Renowned for its old world charm, secluded beaches and off-the-beaten-path allure, Jamaica’s South Coast is a veritable treasure trove of quintessential Caribbean culture. It is a region teeming with quaint fishing villages and elaborate Georgian architecture, a place known as much for its friendly people as for its pristine, untainted natural beauty. Complete with a rich biodiversity, delicious food and historical plantations, Jamaica’s South Coast is a not-to-be-missed destination getaway.
“With a rugged coastline, rambling hills, jungle wetlands, and colonial architecture, Jamaica’s South Coast is intriguingly diverse,” said Paul Pennicook, Jamaica’s Director of Tourism. “Its unspoiled beauty, warm people and lush vegetation has made it one of Jamaica’s heritage and ecotourism locations. Relatively untouched and all natural, the area is truly Jamaica’s best-kept secret, an ideal location for visitors who desire a laid-back and easy ambience.”
Jamaica’s South Coast is a treasure chest of coves and bays. A mixture of dark and white-sand stretches, rocky inlets, fishermen’s enclaves and secluded swimming spots, the region’s shores promise a range of possibilities.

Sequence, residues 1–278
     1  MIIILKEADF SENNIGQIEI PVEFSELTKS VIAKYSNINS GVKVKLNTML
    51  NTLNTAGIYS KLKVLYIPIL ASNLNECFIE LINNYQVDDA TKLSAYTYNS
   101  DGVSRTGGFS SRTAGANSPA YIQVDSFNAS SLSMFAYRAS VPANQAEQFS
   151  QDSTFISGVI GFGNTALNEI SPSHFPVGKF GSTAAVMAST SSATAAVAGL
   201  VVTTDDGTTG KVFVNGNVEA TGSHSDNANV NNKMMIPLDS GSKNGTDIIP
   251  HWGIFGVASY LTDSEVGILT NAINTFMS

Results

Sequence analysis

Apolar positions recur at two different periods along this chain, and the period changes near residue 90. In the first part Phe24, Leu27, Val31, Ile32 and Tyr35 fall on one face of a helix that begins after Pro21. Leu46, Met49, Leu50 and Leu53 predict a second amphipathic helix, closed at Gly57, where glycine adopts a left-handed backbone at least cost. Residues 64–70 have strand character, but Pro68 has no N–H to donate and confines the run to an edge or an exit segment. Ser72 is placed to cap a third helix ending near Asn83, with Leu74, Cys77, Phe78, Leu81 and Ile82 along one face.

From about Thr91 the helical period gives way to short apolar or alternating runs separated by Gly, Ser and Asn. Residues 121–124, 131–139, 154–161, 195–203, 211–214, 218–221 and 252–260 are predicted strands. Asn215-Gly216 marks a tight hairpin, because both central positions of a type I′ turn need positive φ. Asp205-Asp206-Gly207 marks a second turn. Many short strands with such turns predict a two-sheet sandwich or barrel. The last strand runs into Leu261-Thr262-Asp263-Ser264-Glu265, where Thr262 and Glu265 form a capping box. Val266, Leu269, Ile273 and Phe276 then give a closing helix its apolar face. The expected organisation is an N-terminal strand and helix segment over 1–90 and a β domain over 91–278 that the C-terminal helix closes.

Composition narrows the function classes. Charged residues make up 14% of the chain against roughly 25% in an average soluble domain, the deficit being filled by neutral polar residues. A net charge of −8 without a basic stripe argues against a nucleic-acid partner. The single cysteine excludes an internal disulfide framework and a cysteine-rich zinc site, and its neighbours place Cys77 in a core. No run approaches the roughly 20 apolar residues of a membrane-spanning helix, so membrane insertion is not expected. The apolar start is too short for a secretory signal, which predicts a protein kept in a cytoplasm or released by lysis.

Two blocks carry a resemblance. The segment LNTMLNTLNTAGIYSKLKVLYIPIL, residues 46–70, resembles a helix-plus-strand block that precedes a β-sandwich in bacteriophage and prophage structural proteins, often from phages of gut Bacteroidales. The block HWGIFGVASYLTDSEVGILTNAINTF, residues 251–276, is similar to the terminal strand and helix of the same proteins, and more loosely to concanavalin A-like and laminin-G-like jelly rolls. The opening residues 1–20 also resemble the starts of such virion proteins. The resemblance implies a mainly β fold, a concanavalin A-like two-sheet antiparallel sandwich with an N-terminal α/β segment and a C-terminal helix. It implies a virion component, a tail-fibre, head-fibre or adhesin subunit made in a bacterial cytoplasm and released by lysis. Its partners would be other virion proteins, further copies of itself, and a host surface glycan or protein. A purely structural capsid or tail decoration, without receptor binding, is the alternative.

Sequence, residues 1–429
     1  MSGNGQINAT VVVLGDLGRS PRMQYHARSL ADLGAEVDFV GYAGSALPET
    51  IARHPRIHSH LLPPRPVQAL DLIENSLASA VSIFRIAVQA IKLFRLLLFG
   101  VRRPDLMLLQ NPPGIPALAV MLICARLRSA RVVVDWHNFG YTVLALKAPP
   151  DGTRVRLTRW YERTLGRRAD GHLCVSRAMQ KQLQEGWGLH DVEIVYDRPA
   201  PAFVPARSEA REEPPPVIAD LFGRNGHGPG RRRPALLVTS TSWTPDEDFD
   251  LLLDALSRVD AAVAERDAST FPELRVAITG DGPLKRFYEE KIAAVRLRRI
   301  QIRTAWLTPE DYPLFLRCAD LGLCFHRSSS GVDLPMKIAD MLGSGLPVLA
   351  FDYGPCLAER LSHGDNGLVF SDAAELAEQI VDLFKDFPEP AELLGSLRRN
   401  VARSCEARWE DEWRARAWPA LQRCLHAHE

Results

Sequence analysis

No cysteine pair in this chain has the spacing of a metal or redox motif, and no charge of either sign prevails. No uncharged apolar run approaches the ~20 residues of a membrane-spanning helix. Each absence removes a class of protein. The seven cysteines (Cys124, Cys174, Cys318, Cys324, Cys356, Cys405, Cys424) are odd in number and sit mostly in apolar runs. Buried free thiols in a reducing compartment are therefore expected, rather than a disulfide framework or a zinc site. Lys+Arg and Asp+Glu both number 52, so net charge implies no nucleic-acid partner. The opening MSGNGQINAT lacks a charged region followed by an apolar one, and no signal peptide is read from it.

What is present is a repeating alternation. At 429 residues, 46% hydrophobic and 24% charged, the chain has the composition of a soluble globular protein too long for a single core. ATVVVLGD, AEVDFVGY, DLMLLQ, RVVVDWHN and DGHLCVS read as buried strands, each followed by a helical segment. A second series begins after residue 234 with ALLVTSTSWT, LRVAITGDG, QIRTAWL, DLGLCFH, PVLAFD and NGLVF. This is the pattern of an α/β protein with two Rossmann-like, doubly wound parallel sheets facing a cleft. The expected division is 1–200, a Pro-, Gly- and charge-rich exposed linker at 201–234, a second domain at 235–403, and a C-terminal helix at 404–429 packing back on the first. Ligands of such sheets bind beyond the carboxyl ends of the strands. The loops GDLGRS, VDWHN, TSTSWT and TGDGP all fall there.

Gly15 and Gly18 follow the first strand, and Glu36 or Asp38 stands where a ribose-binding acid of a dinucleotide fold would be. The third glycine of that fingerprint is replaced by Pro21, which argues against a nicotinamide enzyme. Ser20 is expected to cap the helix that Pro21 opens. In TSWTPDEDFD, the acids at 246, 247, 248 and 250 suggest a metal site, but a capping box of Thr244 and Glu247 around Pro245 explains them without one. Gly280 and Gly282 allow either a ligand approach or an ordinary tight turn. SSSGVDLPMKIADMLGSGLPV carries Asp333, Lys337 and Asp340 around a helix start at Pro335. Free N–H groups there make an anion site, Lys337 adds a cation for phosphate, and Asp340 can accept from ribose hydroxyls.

SITES TO SEE
Treasure Beach: With a six-mile stretch of black and coral-colored sand, private coves and rocky shores, Treasure Beach is an untrodden respite brimming with the South Coast’s vibrant local culture and people. Having successfully maintained its charm as a modest fishing village, visitors can expect a truly authentic experience.
YS Falls: Rated by many as one of Jamaica’s most beautiful natural attractions, YS Falls is a series of eight cascades enveloped in limestone cliffs and surrounded by green fields. Guests can take in the majestic falls and verdant landscape while relaxing in one of the nearby spring pools. Adventurous travelers can even view the vista from above on a zip line canopy tour of the area.
Black River: The town of Black River, situated at the mouth of a river with the same name, was once a bustling shipping port and one of the grandest Caribbean towns of the 19th century. It is the first town on the island to receive electricity. Now a memory of that time, Black River’s ornate Georgian and Victorian architecture and lavish displays of colonial wealth make a visit there feel like a return to the past. Guests can complete their stay with a tour of Jamaica’s longest navigable river. Famous for its rare flora and fauna, including mangroves and American crocodiles, Black River is said to derive its name from large deposits of peat, which give the water its “black” coloring.
THINGS TO DO
Play golf: For a great game of golf, The Manchester Country Club on Brumalia Road in Mandeville is an ideal choice. Constructed soon after the game was invented in Scotland, The Manchester Country Club boasts Jamaica’s oldest course. Founded in 1865, the nine-hole course is the first in the island and the first Country Club in the New World. As the oldest in the Caribbean region, this golf club offers old-world charm in a scenic setting.